Canal Street Crossing Shanty
One of the first structures I'd completed, the Micron Art etched brass RR Crossing Shanty kit #1047 is small enough to fit in the 3/4-inch wide strip of real estate between the right of way and the edge of the layout at the Canal Street grade crossing, and detailed enough to make a great little foreground structure. As I'm wont to do, though, I made a few changes (naturally!)...
First, I modified the column to eliminate the braces on the bottom, and instead made it look as if it's anchored in a concrete footing (as it appears in the reference photo). This made it easier to design the structure to be removable from the layout in order to protect it against possible damage, owing to its location at the very edge of oblivion, as it were. To make the structure removable, I soldered the column to a length of square brass rod that fits into square brass tubing embedded in the footing.
I also made a whole new roof; the one supplied in the kit seemed to be a bit ornate; I wanted something more plain. The replacement was made from scraps of N scale etched brass brick (left over from the Passenger Station project) soldered together. The peak was drilled with a #55 drill to accept the smokestack.
As is my preference, I soldered most of the parts together. This is actually not as hard as it may seem given the tiny size of the structure; in fact, it's easier than working on larger kits because tiny parts solder much more quickly and evenly.
Naturally, some joints cannot be soldered, such as those between the main subassemblies of the column, shanty, and roof; soldering them would threaten to de-solder some of the many joints in the subassemblies. Not completely assembling the whole structure also makes painting much easier. As one might expect, the subassemblies were simply bonded with cyanoacrylate.
One thing I didn't do was use the kit's tabs and slots to attach the shanty to the column; I wanted to rotate the column 90 degrees relative to the shanty so that the fine latticework on the column faced the viewer. So, I cut off the tabs, and sanded the bottom of the shanty and the top of the column smooth.
The ladder is not the one supplied; instead, I used a slightly finer one from the Micron Art Z Scratch ladder kit #91401, plus some .010-inch brass wire for handrails soldered on, to produce a different design. After painting, the railings were fit into #80 holes drilled in the shanty walls, and then bonded in place with CA. Then came an iterative process of trimming the bottom of the ladder until it exactly fit when the shanty was dropped into the footing.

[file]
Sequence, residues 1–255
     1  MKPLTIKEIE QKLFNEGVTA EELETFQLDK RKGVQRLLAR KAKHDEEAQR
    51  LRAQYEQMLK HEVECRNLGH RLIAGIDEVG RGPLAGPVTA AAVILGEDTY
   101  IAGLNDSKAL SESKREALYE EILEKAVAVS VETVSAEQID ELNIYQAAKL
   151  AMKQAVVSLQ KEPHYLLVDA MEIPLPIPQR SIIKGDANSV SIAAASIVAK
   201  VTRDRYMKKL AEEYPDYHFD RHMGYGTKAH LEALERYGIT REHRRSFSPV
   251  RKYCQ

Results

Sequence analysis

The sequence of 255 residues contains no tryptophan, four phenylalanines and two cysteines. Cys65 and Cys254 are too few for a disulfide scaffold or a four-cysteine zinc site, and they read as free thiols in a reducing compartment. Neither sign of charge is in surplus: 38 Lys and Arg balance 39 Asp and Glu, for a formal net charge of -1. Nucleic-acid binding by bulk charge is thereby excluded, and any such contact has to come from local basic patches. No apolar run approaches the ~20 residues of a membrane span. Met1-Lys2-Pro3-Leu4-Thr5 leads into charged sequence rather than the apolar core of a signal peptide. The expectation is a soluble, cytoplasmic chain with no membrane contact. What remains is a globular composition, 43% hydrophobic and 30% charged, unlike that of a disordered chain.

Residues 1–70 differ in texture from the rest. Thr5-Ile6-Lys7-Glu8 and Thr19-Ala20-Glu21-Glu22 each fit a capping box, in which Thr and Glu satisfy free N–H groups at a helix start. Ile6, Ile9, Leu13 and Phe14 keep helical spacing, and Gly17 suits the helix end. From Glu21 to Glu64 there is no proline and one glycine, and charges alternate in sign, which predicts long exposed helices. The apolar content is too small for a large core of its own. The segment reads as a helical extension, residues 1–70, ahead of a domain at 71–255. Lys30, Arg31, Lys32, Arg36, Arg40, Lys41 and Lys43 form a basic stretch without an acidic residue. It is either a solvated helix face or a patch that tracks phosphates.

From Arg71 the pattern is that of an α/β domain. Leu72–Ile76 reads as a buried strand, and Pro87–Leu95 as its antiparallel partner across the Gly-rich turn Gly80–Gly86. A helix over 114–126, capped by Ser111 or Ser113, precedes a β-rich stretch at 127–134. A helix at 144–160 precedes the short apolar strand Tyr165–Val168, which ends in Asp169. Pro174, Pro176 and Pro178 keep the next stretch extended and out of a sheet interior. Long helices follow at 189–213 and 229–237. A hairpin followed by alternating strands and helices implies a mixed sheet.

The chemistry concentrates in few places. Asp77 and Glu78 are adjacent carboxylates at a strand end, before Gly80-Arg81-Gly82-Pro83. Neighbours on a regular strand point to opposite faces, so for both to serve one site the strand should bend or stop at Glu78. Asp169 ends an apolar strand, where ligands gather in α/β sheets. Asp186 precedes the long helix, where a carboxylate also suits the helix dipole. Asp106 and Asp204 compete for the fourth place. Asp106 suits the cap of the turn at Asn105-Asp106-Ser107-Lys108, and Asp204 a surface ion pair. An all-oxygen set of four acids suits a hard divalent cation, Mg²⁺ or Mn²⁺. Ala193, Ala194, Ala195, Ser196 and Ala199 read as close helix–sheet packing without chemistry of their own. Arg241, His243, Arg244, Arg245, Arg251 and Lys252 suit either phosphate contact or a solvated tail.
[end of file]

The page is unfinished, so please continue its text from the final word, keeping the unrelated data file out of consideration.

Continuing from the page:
The biggest challenge of the whole project was ironically the smallest part: the kit's smokestack cap. This is the sort of part for which there should be spares... but there was only one in the kit. To say that it was difficult to form is an understatement. Wrapping it around a drill bit helped with the bending challenge, but in the process, one of the mounting tabs broke off. This turned out to be a blessing in disguise, as the tabs would not have fit either inside or outside the smokestack, and so I wound up just sanding both tabs clear off and gluing the cap to the top of the tubing with CA.
As usual, painting began with a vinegar bath, followed by light gray primer for the shanty building, dark gray primer for the roof, windows and door, and ruddy primer for the column and ladder. From there, the subassemblies received India ink and Rustall washes to simulate the aged wood and rusted steel of a disused structure.
The shanty got moved around a bit before finally settling back down where it started. I'd originally installed it too close to the track to leave room for the planned crossing flasher, so it was relocated to the other grade crossing on River Road. Ultimately I didn't like it there, so I moved it back, reducing the size of the footing and shifting it closer to the edge of the layout so that everything would fit. This then had the effect of forcing me to move the token telephone pole elsewhere. It's always something...
Things met with sudden change while I was preparing for the 2012 National Z Scale Convention: as I was packing the layout for the trip, the crossing shanty was irreparably damaged. Fortunately I had one of Stony Smith's RP shanties on hand, so after a heptane bath, I upgraded it with an etched brass ladder, gave it a quick coat of paint, and glued it in place after the layout arrived in Denver.
This is how the Micron Art watchman's shanty kit looks as-delivered.
For reference, here's a watchman's shanty in Hackensack, New Jersey.*
The walls of the shanty are soldered together.
The column parts are bent using a flat-jaw pliers.
The assembled column is soldered to a piece of square brass stock.
A piece of square brass tubing is embedded in a styrene footing.
A hole is cut in the layout to accept the footing.
The footing is stained with rust and dirt, and surrounded by weeds.
The new ladder is made from a detailing kit part and some wire.
After installation, the ladder is carefully trimmed until it exactly fits.
When the brass shanty was destroyed, it was replaced with an RP model.